simple interfaces without having any serious effect on the accuracy of
an assembly analysis. We have developed several different compliant
joints that provide one to three degrees of freedom. For each joint
have also developed a feasible mold design to realize that joint.
we show how a complex device consisting multiple different compliant
can be fabricated by combining mold pieces for individual joints into
Our case studies clearly show that compliant joints can be used to
reduce part count and eliminate assembly operations. Along with these
manufacturing benefits, multi-material compliant mechanisms can be used
to create geometrically complex structures. While there are
several different methods to create multi-material compliant
mechanisms, the multi-material molding method is superior because of
it’s adaptability to traditional molding technologies. This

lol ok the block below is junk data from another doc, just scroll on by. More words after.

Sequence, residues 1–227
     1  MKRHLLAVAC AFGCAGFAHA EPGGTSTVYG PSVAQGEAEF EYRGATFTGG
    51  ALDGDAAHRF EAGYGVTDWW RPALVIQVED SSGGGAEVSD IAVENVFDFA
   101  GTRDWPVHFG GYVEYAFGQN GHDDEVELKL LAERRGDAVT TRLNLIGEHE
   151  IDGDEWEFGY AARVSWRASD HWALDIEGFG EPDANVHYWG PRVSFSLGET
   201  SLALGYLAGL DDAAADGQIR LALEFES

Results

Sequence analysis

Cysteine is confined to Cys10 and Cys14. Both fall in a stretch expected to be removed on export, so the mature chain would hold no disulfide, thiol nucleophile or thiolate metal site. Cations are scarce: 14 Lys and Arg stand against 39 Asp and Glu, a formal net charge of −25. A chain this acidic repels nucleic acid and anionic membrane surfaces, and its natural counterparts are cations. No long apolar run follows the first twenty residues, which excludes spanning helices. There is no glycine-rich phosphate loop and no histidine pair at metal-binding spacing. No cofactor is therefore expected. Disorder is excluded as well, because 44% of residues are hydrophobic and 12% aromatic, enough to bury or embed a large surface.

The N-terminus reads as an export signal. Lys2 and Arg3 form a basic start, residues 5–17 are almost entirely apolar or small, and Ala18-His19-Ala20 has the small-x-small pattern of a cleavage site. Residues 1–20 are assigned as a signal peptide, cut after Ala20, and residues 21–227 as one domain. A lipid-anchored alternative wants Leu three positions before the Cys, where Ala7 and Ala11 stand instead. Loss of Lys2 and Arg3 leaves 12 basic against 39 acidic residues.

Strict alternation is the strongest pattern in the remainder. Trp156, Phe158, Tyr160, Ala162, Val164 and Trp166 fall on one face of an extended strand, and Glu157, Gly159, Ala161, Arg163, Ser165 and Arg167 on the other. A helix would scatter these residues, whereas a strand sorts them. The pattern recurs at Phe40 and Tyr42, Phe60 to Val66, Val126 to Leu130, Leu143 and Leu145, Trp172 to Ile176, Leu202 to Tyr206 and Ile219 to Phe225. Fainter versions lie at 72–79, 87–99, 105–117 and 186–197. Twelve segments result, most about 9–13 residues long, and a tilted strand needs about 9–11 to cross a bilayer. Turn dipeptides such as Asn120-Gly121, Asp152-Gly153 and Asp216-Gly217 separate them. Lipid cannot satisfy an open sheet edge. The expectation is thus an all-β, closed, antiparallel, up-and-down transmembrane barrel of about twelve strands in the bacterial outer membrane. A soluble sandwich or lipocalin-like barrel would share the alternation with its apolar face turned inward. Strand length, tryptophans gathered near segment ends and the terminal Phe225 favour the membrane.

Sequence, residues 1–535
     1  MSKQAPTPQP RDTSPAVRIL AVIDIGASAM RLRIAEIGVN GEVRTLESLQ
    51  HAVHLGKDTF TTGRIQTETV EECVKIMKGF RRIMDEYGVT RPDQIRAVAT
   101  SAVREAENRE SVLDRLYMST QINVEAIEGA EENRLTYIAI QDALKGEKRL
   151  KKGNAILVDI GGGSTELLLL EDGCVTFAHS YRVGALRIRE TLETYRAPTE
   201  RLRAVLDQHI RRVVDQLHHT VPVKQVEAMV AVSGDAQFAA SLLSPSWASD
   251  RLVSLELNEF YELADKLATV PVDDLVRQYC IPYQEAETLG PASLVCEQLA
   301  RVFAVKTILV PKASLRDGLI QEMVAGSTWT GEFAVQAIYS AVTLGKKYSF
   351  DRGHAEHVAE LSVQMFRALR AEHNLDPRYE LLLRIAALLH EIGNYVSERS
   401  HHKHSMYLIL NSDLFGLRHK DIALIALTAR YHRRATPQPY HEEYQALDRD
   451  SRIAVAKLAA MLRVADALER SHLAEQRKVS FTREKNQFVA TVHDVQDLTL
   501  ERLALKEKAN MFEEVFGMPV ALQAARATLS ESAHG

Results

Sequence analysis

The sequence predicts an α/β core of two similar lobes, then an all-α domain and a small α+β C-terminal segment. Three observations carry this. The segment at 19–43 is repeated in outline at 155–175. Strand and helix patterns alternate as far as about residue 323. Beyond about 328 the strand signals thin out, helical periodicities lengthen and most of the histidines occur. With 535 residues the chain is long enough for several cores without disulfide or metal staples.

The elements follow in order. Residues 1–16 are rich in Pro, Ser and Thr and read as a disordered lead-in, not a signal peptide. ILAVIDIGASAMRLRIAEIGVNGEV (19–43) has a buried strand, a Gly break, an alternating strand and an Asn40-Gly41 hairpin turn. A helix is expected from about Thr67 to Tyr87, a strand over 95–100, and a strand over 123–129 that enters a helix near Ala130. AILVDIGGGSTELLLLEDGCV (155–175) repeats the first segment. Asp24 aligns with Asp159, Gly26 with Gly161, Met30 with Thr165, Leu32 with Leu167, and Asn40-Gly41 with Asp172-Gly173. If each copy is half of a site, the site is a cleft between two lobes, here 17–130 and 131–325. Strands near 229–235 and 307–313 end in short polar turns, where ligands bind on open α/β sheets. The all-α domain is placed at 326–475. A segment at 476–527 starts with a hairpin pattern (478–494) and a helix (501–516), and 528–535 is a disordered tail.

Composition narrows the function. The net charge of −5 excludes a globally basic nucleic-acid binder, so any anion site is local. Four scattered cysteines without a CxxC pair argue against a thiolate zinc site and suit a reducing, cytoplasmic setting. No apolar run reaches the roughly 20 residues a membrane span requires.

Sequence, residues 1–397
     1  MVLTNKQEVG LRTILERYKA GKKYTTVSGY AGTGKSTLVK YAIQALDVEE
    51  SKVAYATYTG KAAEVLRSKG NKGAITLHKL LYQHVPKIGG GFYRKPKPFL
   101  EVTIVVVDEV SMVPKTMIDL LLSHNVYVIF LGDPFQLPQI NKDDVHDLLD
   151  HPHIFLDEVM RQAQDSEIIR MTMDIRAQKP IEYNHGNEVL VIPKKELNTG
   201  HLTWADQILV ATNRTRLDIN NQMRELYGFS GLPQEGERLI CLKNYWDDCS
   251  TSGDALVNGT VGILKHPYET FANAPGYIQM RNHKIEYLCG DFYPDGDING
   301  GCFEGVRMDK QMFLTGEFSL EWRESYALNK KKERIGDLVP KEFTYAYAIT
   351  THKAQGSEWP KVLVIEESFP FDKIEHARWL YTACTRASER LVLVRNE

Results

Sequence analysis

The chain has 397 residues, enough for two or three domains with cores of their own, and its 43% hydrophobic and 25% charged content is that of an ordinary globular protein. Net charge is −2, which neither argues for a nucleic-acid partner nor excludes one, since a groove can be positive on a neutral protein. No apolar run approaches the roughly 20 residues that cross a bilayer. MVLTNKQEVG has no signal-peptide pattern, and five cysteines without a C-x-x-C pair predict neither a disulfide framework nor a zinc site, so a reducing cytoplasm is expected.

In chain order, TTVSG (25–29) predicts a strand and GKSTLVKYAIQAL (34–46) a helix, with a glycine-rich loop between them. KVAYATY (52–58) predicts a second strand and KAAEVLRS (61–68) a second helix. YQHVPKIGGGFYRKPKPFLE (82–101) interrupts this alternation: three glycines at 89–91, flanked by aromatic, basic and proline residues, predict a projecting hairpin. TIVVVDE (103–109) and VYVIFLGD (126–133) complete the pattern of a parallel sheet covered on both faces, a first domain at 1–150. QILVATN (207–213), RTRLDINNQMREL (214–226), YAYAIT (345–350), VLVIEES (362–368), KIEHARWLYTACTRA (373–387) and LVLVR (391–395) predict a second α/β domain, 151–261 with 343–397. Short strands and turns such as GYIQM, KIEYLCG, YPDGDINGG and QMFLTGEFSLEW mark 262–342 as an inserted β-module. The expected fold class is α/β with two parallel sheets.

adaptability enables one to create very complex structures at highly
Automated Mold Design: We
have developed geometric algorithms for automatically generating mold
for multi-shot molding process. Based on these algorithms we have
implemented a system and have tested our implementation successfully
with a number of different two-material objects. In addition to being
useful in rotary-platen mold design, these algorithms can be used to
design traditional injection molds for single material components.
These algorithms are based on a novel concept that utilizes
partitioning of the gross mold by surfaces and combine the resulting
solids to form the final mold pieces. We have tested our implementation
successfully with a number of different single material components. We